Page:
Tickets are now available for the annual fundraising banquet and auctions hosted by the Creston branch of Ducks Unlimited Canada (DUC). It runs on Oct. 5, and will feature more local auction items than usual.
“We have a much wider range of different things to appeal to anyone of any age, instead of just what Ducks offers from their national office,” said Lou Knafla, one of the banquet’s organizers.
For the High Flyer portion of the auction, in which guests bid on small items for a chance at one big one, the local prize can be chosen from Bahamas Travel, Overwaitea Foods or Home Hardware Building Centre, with each creating $2,000-plus packages — ski or casino travel packages have been confirmed, and others are yet to be announced.
More local artisans than usual have contributed to this year’s auctions, and their products, as well as others from local businesses, will be auctioned alongside a special barrel of Alberta Springs whisky. Only 75 were made — in honour of DUC’s 75th anniversary — and have been auctioned at other DUC events for over $600.
“There will be no other barrels like them,” said Knafla. “We actually feel lucky to get one.”
Also up for grabs in the live auction is a limited edition print of Robert Bateman’s Tranquility, created specifically for the anniversary.
The Creston events usually raise over $25,000, all of which is put back into local wetlands management. This year, DUC contributed — along with the Ministry of Forests, Lands and Natural Resource Operations, and the Creston Valley Wildlife Management Authority — to $292,000 spent to install two automated slide gates that allow water to be released from Duck Lake prior to spring runoff, and to a 400-metre earthen dike along Leach Lake.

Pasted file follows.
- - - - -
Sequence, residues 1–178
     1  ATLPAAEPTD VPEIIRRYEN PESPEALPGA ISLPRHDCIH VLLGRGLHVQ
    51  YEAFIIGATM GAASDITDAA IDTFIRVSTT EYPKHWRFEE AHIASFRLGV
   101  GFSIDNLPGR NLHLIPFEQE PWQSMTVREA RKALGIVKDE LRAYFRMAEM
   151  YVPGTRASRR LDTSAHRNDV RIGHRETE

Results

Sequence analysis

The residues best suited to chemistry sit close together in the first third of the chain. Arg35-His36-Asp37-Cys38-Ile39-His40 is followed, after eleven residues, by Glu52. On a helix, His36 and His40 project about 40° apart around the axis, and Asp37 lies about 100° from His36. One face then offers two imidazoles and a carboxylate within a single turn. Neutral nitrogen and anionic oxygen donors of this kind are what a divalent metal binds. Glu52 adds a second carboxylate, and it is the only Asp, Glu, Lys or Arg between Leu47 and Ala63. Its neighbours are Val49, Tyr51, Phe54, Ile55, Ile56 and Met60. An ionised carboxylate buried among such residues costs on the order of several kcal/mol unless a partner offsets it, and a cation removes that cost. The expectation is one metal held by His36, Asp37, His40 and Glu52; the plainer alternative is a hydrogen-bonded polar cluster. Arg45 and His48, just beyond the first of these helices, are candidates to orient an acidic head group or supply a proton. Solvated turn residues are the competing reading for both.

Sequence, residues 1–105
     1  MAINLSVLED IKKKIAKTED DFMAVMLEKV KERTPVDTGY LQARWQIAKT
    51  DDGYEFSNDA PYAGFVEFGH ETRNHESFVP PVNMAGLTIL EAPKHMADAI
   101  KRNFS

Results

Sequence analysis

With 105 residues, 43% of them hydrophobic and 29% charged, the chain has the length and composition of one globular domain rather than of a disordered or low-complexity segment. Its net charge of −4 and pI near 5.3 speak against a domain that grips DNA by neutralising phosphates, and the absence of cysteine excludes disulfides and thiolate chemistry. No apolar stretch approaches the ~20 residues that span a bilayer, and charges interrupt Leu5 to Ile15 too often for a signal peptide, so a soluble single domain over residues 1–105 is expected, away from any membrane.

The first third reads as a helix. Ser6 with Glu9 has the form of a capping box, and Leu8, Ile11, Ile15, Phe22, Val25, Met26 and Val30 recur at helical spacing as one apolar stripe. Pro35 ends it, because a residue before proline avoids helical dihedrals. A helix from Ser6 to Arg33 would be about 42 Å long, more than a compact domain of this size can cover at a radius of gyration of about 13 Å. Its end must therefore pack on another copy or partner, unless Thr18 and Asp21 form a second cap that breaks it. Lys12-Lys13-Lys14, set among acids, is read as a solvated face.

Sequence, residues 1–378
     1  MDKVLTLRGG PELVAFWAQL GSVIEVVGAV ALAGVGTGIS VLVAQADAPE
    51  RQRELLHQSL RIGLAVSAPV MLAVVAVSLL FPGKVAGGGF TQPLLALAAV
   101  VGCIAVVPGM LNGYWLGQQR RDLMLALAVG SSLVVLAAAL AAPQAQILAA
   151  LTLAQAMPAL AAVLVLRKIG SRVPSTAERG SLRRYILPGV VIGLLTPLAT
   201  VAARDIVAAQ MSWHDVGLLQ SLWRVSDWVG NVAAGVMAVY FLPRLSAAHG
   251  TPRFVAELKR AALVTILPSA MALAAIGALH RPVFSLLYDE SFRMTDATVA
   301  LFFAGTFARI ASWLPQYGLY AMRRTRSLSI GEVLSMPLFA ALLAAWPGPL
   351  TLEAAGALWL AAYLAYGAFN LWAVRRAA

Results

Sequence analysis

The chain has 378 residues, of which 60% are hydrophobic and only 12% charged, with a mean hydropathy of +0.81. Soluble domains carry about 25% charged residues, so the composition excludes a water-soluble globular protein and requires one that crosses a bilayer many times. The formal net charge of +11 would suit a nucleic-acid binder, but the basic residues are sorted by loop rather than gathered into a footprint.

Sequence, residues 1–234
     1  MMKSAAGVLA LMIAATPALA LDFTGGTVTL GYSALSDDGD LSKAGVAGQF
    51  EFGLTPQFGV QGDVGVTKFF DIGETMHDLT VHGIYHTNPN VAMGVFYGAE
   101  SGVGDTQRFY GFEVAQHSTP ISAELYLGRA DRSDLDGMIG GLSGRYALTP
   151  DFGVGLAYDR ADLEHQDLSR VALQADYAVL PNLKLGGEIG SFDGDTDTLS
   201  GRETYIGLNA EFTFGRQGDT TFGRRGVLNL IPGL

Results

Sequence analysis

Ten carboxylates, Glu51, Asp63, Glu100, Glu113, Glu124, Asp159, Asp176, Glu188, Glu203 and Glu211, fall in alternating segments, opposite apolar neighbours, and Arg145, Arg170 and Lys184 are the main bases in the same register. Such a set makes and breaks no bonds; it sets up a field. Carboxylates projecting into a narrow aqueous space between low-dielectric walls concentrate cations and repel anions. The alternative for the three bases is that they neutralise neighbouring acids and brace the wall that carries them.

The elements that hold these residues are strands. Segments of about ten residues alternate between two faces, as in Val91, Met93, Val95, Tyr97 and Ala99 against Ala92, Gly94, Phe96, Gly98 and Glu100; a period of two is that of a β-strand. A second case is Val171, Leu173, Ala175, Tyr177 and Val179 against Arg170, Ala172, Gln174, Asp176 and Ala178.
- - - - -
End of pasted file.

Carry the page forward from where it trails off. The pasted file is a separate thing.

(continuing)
That infrastructure is one of three areas in which DUC helps the Creston Valley, said Knafla.
“If you’re an environmentalist, it enables us to support the whole corridor from Bonners Ferry to Kootenay Lake, which otherwise would get overgrown,” he said, explaining that after dikes were built to protect the valley from flooding, natural waterways had to be supported with manmade infrastructure.
“Economically, it’s money being spent here. There are always two or three students out here doing their master’s thesis on something to do with wildlife.”
In addition, the Creston Valley Wildlife Management Area’s Ramsar designation as a wetland of international importance brings in visitors from far and wide.
“You have another big place to draw people to the valley,” Knafla said. “It’s a big thing in terms of tourism.”
Tickets are $40 for adults and $15 for ages 17 and under (available at Mawson’s Sports), which includes hors d’oeuvres and dinner with local wines. Tickets purchased before Sept. 21 are eligible for an early bird draw.